12 The Prototype -Three sites -Boston -Indianapolis -Mendocino County, CA -Diverse architectures -Diverse structures If these 3 can all use the Common Framework…anyone can!

13 Who Developed the Prototype and the Common Framework? Connecting for Health Steering Group Policy Subcommittee: Co-Chairs Bill Braithwaite and Mark Frisse Technical Subcommittee: Chaired by Clay Shirky Three communities and teams: –Boston: MA-SHARE and technical partner CSC –Indianapolis: Regenstrief Institute and Indianapolis Health Information Exchange (IHIE) –Mendocino: Mendocino HRE and technical partner Browsersoft, Inc.

14 What Do the Common Framework Resources Consist of? Technical rules and standards—that allow systems to “talk to” each other Policies on how to handle information– that build trust Model contractual language—that holds it all together

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16 Sample Policy Documents From P8 – Breaches, p. 4 Sample policy language CFH Recommended policy From M2 – Model Contract, p. 10

17 Sample Technical Documents (T2)

18 What is Available? Technical Documentation: 3 Categories 1.Background Documents –T6: Record Locator Service Design –T5: Data “Cleanliness” and Quality 2.Specific Technical Documents –T1: Technical Overview and Implementation Requirements –T2: NHIN Message Implementation Guide (Record Locator Service/Inter-SNO Bridge) –T3-T4: Standards Guides Medication History: Adapted NCPDP SCRIPT Laboratory Results: ELINCS 2.0, with modifications 3.Technical Code and Interfaces –Test Interfaces: CA, IN, MA –Code base: CA, IN, MA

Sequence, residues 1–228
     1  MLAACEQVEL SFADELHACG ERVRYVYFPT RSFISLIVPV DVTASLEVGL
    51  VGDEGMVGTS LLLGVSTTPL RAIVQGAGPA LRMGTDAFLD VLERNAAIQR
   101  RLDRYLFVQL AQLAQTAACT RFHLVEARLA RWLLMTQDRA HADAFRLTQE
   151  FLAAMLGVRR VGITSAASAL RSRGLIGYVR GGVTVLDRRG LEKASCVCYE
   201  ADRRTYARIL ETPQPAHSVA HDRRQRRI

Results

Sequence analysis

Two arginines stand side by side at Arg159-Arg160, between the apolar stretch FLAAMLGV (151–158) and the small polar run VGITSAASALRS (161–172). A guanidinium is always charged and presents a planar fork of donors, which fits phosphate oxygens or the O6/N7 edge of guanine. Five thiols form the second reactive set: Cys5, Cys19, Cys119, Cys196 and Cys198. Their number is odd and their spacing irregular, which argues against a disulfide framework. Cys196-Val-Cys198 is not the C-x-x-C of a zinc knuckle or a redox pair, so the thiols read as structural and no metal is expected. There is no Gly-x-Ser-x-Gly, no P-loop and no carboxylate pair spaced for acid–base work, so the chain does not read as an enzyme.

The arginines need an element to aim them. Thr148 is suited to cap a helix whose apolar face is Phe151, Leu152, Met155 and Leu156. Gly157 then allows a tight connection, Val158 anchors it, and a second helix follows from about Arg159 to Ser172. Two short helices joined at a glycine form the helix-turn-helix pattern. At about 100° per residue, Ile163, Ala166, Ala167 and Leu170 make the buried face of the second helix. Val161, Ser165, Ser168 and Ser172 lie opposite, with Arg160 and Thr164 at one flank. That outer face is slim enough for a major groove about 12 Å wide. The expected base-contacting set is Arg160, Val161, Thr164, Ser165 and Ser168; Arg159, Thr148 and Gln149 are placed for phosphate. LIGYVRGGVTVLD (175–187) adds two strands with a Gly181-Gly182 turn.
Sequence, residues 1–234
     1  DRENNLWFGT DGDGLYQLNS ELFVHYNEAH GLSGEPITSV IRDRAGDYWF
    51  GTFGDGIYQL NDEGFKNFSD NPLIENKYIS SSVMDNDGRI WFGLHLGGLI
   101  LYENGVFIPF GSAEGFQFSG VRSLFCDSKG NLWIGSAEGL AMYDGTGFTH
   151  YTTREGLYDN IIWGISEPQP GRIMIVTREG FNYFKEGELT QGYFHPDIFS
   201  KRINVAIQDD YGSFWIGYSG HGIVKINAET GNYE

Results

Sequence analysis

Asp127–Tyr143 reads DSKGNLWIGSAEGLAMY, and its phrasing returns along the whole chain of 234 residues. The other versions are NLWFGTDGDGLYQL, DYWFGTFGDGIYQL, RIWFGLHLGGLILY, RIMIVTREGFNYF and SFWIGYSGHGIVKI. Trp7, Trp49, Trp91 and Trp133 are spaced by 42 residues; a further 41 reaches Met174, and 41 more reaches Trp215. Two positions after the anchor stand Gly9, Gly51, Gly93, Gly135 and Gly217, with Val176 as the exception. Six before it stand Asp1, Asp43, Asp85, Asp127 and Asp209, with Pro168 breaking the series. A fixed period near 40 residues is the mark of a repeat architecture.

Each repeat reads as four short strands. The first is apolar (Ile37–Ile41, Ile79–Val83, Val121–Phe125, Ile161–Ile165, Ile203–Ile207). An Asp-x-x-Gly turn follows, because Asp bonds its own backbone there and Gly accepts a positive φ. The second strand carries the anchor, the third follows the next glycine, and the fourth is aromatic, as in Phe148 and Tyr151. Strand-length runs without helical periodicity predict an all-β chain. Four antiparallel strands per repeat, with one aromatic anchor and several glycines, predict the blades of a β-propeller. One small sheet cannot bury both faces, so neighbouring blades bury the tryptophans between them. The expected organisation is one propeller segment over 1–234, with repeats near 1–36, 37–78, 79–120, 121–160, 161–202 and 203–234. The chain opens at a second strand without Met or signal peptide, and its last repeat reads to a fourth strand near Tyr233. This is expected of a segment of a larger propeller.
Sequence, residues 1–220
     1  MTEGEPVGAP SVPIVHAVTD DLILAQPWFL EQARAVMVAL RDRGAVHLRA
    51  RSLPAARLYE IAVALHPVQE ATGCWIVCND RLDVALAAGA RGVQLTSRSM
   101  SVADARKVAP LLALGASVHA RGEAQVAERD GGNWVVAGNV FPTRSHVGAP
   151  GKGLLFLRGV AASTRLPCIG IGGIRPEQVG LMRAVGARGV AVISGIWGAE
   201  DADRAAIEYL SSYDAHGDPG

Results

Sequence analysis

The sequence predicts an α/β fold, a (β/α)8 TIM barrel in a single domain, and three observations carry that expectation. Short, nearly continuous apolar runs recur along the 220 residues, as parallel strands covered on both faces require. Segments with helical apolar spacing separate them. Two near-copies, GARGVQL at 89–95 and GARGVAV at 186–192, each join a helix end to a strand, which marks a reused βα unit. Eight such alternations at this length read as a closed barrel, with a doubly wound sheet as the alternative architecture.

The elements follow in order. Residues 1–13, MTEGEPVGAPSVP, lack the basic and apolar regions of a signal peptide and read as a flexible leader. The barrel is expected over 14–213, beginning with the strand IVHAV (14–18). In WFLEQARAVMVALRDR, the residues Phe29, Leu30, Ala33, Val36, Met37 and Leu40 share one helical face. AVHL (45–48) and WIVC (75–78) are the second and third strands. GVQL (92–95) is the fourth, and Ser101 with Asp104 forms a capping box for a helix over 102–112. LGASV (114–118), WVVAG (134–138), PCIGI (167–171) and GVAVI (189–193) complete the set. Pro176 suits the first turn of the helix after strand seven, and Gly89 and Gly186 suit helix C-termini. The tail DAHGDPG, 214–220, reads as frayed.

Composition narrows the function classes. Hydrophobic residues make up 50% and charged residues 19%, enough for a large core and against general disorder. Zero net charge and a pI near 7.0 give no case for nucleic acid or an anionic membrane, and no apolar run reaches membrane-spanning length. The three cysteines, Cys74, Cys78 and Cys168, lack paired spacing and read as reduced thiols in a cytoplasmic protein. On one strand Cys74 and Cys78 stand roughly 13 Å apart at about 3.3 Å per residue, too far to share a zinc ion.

19 What is Available? Policy Documents: 3 Categories 1.Background Document –P1: Privacy Architecture for a Networked Health Care Environment 2.Specific Policy Documents –P2-P8: Model privacy policies, notification and consent, correctly matching, authentication, patient access, audits, and breaches 3.Sample Contract Language –M1: Contact Topic List –M2: Model Contract

20 The Common Framework is Not a “RHIO in a box” It provides different models to consider—not one “right answer.” It is intended as a partial solution. It does not address finance, governance, etc. There are topics (like how to aggregate data for research and public health) that Connecting for Health is still working on…

21 The Common Framework is Still Evolving Improving the resources to better meet the needs of communities Exploring how patients/consumers can access their own information Exploring how researchers and public health can benefit from health data Connecting for Health needs the input of organizations nationwide….

22 A Bit More on Privacy and Networked Environments In a Networked Environment: Persistent and Aggregated “Data Shadow” Increased RISKS (mis-use and re-use; not dealt with through consent) Privacy Protective Behavior: Opt-out of the system Demands a systemic privacy protection architecture (fair information practices) to mitigate the risks and establish trust 22

23 Healthcare is Different The healthcare system is very diverse Health information is especially sensitive— and privacy spills can’t be “fixed” Patients/consumers are traditionally less involved than in some other areas (e.g., banking)

24 Openness Purpose Specification Collection Limitation Use Limitation Individual Participation and Control Remedies Accountability Security Data Integrity Connecting for Health Architecture for Privacy in a Networked Health Environment 24

25 Common Framework Resources All available free at Policy and technical guides, model contractual language Registration for AHRQ/NRC Common Framework discussion forum Software code from regional prototype sites: Regenstrief, MAShare, OpenHRE to